Marygrove College, a private Catholic school sponsored by the Sisters, Servants of the Immaculate Heart of Mary (I.H.M.) in Detroit, Mich., celebrated earlier this month the grand opening of an interfaith prayer room for Muslim students on campus, according to Arab-American News.
In its press release, the University states that the interfaith prayer room “flows out of the rich traditions of our founders and sponsors, the IHM Sisters – a rich respect and acceptance of all.”
"I was very excited. I wanted to see it happen before I left," one former student reportedly said. "This room makes us feel equal. They have a place to pray; we have a place to pray. We believe in the unity of all religions."
Marygrove is hardly alone in this.
Recently, the University of St. Thomas in St. Paul, Minn., reportedly converted a former seminary building room into a prayer space to accommodate the growing number of Muslim students.
The University reportedly created its own Islamic prayer rooms as well as “Wudu” stations for the ritual washing of hands and feet in Loras Hall, which used to be part of a seminary, at a cost of approximately $60,000.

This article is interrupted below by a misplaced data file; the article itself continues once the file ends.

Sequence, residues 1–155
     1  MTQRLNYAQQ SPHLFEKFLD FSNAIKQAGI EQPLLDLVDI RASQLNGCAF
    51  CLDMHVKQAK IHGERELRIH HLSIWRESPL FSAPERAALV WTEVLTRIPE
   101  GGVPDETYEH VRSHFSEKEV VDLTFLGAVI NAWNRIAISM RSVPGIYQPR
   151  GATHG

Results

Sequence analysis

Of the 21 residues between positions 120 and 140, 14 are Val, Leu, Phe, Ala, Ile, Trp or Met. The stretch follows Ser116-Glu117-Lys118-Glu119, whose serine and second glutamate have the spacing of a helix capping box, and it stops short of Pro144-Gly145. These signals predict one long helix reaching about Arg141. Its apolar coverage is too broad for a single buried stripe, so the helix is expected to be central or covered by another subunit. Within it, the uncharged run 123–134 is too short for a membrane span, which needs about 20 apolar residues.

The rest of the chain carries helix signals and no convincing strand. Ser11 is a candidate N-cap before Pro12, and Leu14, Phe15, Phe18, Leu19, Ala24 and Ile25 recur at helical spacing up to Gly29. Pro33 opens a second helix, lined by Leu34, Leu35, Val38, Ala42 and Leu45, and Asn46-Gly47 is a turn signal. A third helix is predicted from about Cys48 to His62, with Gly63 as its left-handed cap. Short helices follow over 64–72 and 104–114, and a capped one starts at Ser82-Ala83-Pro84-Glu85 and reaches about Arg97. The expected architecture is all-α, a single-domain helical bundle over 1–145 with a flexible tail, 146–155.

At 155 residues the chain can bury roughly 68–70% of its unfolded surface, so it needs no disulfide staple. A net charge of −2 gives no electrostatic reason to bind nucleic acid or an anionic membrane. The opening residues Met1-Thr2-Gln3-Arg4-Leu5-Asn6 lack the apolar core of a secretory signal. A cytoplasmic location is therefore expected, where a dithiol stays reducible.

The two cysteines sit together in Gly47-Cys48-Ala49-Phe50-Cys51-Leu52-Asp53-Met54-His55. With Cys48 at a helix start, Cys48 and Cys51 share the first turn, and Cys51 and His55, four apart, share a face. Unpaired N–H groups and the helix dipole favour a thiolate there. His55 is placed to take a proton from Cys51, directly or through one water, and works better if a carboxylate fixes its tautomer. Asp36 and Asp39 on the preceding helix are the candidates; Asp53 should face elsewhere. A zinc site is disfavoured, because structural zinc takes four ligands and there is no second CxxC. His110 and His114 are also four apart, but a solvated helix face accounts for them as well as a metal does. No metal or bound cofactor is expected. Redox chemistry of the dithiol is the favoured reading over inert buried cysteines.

Georgetown University also has a Muslim prayer room called “Masjidal-amoodayn,” according to the Jesuit University’s website.
In a 2011 interview with National Public Radio, Catholic University of America President John Garvey stated the policy of the faithful University concerning the growing number of Muslim students.
We don't set aside prayer rooms, although we make our space available so that students who have daily prayer needs—Muslims who are observant pray five times a day—they can pray. We make classrooms available, or our chapels are places where they can pray. We don't offer Halal meat, although there are always meals that conform to Halal regulations, that allow students to do what they want.
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